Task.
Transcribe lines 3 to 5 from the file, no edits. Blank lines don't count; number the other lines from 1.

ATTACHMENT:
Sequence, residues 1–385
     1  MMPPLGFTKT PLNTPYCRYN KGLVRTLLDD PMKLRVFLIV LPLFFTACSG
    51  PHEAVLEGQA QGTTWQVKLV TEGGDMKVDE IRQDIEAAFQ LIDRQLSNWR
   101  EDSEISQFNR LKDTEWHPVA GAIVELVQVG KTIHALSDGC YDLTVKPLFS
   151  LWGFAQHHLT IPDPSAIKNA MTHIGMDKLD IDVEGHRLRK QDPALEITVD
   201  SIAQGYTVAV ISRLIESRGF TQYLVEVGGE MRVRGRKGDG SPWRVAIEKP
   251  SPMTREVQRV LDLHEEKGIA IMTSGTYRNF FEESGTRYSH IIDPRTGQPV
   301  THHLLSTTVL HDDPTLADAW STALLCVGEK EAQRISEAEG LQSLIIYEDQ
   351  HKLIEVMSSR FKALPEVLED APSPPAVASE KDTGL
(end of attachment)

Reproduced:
    51  PHEAVLEGQA QGTTWQVKLV TEGGDMKVDE IRQDIEAAFQ LIDRQLSNWR
   101  EDSEISQFNR LKDTEWHPVA GAIVELVQVG KTIHALSDGC YDLTVKPLFS
   151  LWGFAQHHLT IPDPSAIKNA MTHIGMDKLD IDVEGHRLRK QDPALEITVD